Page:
Table of contents

Hello kids, today we will talk about the basics you need to know when switching from iOS development to tvOS. Let’s get straight to it.

Let’s start with the important thing to know. How you develop. There are 2 ways you can use here:

1. Using TVML library.

If you come across a legacy code for some reason, take a look at linked libraries. Do you see there something with TVML prefix? If yes, well, I know that feeling, boi.

The thing is that this kit allows mixing JS code with native. Native code is used for setting up UI, datasources, delegates etc and sending events to JS part. And the JS part handles navigation logic. Each time any of the js code changes you will need to recompile it and generate application.js file, which is basically main js file. Also it can be stored on the external server. What’s good about that? You can change user flow without sending an app for another review and for Native-Code-Guy it is the one and only (song reference) advantage. And every time I even hear about it:

iOS to tvOS

2. The native way.

Well, it’s the native way, there’s nothing too terrifying …I guess.

Controls

The first thing that comes to mind is how user interacts with the device. As Captain Obvious would say: “Using remote, boi.” And you know what? He’s absolutely 100% right. In iOS you would use method:

func touchesBegan(_ touches: Set<UITouch>, with event: UIEvent?)

to catch the touch, but here you should be using

func pressesBegan(_ presses: Set<UIPress>, with event: UIPressesEvent?)`

As UIPress has property type which is enum of UIPressType. You can use it to see when user presses menu or play/pause or select buttons. Apple requires your app to return to the main screen on Menu button press when it makes sense, usually it’s home screen of your app.

Limitations

Basically, there are 3 of them:
1. The initial size of your app can’t exceed 4GB.

This storage should be enough for most of us. However, just in case, there’s such thing as “On-Demand Resources”, so you can download other resources when they are needed, like new level for the game or some other examples which refused to visit my head while I was writing this.

Oh yeah, one more thing about On-Demand Resources, might be important for someone. They are not “super guaranteed” to be there the next time user loads the app/game, because Apple TV might use this storage and delete your resources, for example. So you might need to download missing resources again.

2. You can not use device local storage.

Well, technically, you can, but just like in the previous example, stored data is not “super guaranteed” to be there next time user loads the app/game.

So for storing progress, info, whatever, you should use iCloud or your own backend.

3. No Web View.

Apple wants us to create fully native experience, so everything you wanted to display in the webview has to be adapted to the native views.

Focus Engine

Because there is no touch screen (hey, Captain Obvious), tvOS uses Focus Engine to give users some tips where they are and what they’re going to interact with. When an element is in focus, it’s basically increasing in size and changing color, but it’s enough for user to understand what’s going on.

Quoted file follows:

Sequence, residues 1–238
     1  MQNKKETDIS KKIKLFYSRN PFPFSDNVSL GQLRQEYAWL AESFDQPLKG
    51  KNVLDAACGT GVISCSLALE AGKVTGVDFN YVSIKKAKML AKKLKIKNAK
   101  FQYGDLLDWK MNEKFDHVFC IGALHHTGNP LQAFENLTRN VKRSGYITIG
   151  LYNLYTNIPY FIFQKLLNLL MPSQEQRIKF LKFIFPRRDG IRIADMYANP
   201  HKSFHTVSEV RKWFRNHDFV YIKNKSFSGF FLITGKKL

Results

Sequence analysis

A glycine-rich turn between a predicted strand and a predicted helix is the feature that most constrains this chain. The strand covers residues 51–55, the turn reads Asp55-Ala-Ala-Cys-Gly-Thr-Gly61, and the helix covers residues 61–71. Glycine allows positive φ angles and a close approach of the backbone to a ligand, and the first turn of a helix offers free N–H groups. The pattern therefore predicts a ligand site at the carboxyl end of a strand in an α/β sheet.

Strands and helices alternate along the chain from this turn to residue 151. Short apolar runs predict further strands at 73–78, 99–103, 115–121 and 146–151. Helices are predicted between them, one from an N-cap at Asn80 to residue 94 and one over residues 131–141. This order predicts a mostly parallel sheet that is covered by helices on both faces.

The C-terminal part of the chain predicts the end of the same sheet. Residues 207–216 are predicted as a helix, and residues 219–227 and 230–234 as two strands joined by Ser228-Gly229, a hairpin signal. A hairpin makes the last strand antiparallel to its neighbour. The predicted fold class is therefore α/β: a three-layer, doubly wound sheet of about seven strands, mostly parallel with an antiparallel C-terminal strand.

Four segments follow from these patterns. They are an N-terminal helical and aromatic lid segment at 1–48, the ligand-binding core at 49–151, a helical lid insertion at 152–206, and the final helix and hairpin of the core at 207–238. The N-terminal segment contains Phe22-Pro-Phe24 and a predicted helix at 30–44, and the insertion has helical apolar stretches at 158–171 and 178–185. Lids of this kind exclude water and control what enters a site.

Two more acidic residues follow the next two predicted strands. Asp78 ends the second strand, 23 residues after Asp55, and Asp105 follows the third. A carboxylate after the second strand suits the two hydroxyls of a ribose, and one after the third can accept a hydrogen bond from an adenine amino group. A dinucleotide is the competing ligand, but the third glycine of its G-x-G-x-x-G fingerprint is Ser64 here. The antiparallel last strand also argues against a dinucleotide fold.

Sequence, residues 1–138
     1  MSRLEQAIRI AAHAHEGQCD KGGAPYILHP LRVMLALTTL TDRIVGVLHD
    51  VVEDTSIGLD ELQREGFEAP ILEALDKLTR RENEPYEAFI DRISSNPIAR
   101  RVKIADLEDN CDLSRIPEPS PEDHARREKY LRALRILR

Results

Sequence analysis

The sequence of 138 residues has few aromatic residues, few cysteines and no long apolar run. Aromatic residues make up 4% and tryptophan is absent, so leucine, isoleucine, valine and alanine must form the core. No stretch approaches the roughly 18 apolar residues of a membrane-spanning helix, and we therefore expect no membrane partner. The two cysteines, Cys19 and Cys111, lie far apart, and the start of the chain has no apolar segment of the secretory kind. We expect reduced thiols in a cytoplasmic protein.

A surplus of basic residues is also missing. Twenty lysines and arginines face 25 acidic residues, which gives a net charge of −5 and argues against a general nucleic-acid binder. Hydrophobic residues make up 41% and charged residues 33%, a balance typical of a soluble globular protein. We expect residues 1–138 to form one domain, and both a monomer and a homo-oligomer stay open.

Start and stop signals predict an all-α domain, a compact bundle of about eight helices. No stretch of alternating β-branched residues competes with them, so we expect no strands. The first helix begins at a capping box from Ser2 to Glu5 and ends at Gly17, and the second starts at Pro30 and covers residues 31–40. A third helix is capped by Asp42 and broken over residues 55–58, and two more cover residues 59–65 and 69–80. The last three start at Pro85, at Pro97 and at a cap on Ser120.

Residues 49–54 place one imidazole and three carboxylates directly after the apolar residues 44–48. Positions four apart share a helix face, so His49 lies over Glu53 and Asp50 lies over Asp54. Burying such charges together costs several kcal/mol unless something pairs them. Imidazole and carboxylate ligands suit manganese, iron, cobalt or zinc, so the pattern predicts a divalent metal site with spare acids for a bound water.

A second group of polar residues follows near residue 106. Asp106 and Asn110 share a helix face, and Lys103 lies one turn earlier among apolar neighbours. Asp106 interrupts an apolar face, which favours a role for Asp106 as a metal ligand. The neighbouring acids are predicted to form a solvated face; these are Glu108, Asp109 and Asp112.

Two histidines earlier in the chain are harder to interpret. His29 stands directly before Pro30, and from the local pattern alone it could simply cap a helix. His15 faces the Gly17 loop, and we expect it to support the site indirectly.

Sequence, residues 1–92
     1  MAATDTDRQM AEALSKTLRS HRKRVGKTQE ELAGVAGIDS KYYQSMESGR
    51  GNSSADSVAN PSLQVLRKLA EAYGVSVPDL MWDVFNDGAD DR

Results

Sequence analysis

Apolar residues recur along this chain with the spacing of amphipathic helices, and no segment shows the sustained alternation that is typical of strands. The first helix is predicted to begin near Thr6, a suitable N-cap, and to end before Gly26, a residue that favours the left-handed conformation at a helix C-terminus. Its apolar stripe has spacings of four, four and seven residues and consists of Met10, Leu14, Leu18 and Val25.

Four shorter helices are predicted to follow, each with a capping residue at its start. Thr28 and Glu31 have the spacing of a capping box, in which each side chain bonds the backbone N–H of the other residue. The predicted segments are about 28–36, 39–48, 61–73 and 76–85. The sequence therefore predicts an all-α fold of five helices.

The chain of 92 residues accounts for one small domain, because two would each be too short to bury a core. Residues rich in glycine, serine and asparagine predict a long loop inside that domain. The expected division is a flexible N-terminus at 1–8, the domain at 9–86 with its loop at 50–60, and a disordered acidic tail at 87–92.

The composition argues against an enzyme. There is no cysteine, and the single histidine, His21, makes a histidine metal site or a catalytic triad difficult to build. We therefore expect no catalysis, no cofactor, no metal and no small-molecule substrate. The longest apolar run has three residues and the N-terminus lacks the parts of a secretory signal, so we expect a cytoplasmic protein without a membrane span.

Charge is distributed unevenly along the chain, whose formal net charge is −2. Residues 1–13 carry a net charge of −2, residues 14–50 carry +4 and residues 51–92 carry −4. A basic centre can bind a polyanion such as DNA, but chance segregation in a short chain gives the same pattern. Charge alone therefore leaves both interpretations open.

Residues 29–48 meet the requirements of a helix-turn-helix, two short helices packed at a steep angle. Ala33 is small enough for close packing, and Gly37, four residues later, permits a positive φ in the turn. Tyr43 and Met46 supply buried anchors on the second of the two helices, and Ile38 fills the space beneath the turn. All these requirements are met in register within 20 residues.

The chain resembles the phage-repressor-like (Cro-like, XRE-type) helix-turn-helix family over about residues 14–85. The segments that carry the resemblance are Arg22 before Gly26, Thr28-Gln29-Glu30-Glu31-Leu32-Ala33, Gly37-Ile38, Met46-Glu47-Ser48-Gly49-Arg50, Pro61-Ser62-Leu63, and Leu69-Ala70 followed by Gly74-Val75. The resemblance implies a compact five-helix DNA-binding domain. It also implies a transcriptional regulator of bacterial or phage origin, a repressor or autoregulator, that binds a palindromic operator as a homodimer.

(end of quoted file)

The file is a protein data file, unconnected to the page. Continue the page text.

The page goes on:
Elements like UIButton, UITextField, UITableView, UICollectionView, UITextView, UISegmentControl and UISearchBar are focusable by default. For your own views which you want to be in focus, you will have to implement custom behavior, mostly items with non-rectangular shape will require this. All focusable elements should conform to protocol: UIFocusEnviroment. Here is main interface that we are going to use for implementing custom focusing views:

var canBecomeFocused: Bool // pretty obvious right

// Damn I love word obvious

func setNeedsFocusUpdate() -> Void // requests focus engine
to update focus in current environment c.o

var preferredFocusEnviroments: [UIFocusEnviroment] //
An array of objects that conform to protocol UIFocusEnviroment,
which current environment will prefer to focus on, IN PRIORITY ORDER.

func shouldUpdateFocus(in context: UIFocusUpdateContext) ->
Bool // c.o

func didUpdateFocus(in context: UIFocusUpdateContext,
with coordinator: UIFocusAnimationCoordinator) //
pretty obvious, but want to add that this method is
important because it provides coordinator to us,
which can be used to add focusing/defocusing animations
right after system animations.

Also, in the final part I would like to mention the UIImageView property adjustsImageWhenAncestorFocused. It gives your image same effect as AppIcons image have, it’s called Parallax Effect and it looks pretty nice. So if you want to save some time and your image is not rounded or has a non-rectangular shape you can just make a snapshot of the view and use it.
Just do not forget to set value of mastToBound and clipToBoundsproperties to false .

There is some good description of it in articles like this or this, and I’m not going to reinvent the wheel by retelling you the same story. Buuut, just in case, I’ve made a quick example of how you can easily apply Parallax Effect to your views, it’s available here. Most interesting files for you will be CollectionCell.swift and Extension.swift. Feel free to download it and use the code from there.